The Japan Times
November 20, 1998

Ancient bell found in Kyushu

Discovery raises questions on origin of 'dotaku'

SAGA (Kyodo) An ancient bronze bell believed to date back to the second or third century has been unearthed from the Yoshinogari archaeological site, the Saga Prefectural Board of Education said Thursday.

It is the first time that a "dotaku" has been excavated in the Kyushu region, the board said.

The dotaku was discovered on the northern side of the Yoshinogari site in Kamisakigun, Saga Prefecture, which was found to have originally been surrounded by a large moat in the Yayoi Period (300 B.C.-A.D. 400).

A large number of native bronze bells have been discovered in the Kinki region, but no such discoveries have been made in Kyushu, according to the prefectural board of education. However some stone-made dotaku casts dating back to the mid-Yayoi Period have been found at archaeological sites, including the Yasunagata site in Saga Prefecture, the board said.

Koichi Mori, a professor of archaeology at Doshiya University, said the discovery is of great significance because it indicates dotaku had been used for ceremonies in the Kyushu area as well.

The dotaku in question was buried under 80 cm of soil at the Yoshinogari site and was found with its top part the "chu," in an upright position. A small section near the bottom of the bell was broken off during excavation but may be restored later, extending its length to 20 cm.

The surface of the bell was decorated with "ayasugi" (Japanese cedar) patterns but its inside was damaged, the education board said.

Since no relevant fragments were discovered in the vicinity, it is believed it was intentionally damaged before it was buried, it added.

In Northern Kyushu, small bronze instruments similar in shape to smaller dotaku are thought to have come from the Korean Peninsula.

Hideji Harunari, director of the National History and Folklore Museum's Archaeological Research Department, said the dotaku was most probably produced in Kyushu in view of the circumstances in which it was discovered. Its shape is also unique to other bronze articles found in the area.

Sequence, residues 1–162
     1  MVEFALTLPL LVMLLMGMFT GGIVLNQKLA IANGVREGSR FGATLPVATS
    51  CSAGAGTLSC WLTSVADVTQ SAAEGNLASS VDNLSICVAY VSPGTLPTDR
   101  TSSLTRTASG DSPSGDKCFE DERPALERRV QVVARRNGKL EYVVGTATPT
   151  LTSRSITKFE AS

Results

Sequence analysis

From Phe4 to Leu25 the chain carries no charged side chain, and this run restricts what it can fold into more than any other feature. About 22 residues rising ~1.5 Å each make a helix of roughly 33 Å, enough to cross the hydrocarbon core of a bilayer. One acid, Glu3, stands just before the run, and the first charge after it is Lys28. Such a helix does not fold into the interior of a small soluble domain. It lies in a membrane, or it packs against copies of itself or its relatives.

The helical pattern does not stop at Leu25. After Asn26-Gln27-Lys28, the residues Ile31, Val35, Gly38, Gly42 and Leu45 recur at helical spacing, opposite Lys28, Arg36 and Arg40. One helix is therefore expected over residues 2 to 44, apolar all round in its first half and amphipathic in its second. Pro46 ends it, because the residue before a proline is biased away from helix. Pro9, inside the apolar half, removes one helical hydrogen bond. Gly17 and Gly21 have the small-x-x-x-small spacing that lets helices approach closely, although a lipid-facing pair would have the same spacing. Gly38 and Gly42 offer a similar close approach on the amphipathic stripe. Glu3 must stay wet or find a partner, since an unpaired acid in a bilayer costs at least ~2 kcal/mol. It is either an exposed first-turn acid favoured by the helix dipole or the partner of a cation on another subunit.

The discovery has raised the possibility that dotaku, which are believed to have originated in the Kinki region, including the Nara area, originated in Kyushu, experts said.

In 1980, part of a stone dotaku cast about 20-cm high was excavated at the Yasunagata archaeological site in Torisu. A similar cast has also been discovered in Kasuga, Fukuoka Prefecture, in southern Kyushu.

Tadashi Nishitani, a professor at Kyushu University, said: "It is conceivable that the 'sho-dotaku,' or small dotaku-like instrument, first came to Kyushu from the Korean Peninsula in the first or second century, and then migrated to the Kinki region. The latest discovery may show that the sho-dotaku evolved into a Kinki-style dotaku.

"In Kyushu there must have been times when large bronze bells had replaced bronze shields for large national ceremonies," Nishitani also said.

Hiroaki Takakura, a professor at Seinan Gakuin University, however, said he thinks that the latest exhibit only suggests that some people in the Kyushu area conducted ceremonies in a Kinki style.

About 480 bronze bells have been discovered in this country, usually singly or in parts. The bells have elongated bodies, oval cross sections and are open at one end. Semicircular hands are cast at the top, and most bells have flanges on the side seams.


A "DOTAKU," or bronze bell, has been unearthed at the Yoshinogari archaeological site in the town of Mitagawa, Saga Prefecture. KYODO PHOTO